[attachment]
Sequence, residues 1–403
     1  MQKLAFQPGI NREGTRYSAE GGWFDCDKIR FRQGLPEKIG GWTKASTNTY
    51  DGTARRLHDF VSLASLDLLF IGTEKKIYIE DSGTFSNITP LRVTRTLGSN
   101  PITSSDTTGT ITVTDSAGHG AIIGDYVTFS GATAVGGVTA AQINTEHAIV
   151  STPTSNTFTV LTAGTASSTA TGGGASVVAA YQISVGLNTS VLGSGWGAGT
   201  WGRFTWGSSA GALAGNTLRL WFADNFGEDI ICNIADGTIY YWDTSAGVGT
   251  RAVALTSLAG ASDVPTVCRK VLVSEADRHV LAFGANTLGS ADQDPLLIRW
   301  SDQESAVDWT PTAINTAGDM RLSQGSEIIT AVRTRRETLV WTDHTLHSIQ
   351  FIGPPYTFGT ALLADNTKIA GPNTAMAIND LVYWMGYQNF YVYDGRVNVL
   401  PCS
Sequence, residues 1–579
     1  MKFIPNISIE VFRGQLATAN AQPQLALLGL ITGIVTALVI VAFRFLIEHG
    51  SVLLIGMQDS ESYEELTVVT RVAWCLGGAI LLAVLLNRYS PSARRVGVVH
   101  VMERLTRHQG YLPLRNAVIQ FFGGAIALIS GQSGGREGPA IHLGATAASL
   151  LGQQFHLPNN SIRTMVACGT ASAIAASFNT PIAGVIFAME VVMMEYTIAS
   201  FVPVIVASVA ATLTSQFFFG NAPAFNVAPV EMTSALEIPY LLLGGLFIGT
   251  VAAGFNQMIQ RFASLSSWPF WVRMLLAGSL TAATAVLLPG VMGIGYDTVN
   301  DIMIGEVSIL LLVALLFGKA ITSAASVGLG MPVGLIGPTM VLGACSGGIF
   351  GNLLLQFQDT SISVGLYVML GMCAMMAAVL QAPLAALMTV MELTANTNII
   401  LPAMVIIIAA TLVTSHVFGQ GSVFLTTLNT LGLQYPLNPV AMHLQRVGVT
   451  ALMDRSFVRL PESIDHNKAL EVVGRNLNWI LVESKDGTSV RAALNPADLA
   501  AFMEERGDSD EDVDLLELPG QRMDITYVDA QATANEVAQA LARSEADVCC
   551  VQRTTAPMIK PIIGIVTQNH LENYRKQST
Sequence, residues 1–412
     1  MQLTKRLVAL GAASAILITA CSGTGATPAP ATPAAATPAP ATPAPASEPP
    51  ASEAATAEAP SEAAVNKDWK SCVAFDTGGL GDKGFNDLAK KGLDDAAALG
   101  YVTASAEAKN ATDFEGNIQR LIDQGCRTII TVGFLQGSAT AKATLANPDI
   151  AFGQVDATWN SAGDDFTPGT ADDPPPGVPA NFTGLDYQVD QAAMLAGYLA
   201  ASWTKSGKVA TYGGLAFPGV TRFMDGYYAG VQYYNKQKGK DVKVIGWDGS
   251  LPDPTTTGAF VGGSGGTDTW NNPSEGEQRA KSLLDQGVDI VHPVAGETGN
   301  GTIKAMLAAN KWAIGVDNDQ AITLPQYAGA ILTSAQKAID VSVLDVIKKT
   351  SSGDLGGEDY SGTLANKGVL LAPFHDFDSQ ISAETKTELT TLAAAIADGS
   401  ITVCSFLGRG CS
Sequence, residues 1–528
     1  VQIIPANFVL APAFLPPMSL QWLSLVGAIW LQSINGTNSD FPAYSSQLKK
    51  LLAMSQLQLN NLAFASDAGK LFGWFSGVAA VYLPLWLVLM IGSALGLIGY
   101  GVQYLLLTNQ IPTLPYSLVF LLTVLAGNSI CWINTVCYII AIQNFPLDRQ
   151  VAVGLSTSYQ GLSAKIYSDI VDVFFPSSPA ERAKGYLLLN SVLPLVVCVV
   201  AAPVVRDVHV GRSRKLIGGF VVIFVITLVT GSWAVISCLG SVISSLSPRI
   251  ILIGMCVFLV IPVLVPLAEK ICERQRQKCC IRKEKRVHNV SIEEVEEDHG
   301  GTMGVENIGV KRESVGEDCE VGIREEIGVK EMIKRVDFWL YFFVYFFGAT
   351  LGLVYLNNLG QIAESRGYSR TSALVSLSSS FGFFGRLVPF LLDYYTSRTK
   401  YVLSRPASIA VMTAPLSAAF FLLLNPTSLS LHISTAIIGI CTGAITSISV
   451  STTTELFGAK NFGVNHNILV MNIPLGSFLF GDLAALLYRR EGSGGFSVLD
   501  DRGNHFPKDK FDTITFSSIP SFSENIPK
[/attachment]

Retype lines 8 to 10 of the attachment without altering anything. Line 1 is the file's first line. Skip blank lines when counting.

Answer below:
   301  SDQESAVDWT PTAINTAGDM RLSQGSEIIT AVRTRRETLV WTDHTLHSIQ
   351  FIGPPYTFGT ALLADNTKIA GPNTAMAIND LVYWMGYQNF YVYDGRVNVL
   401  PCS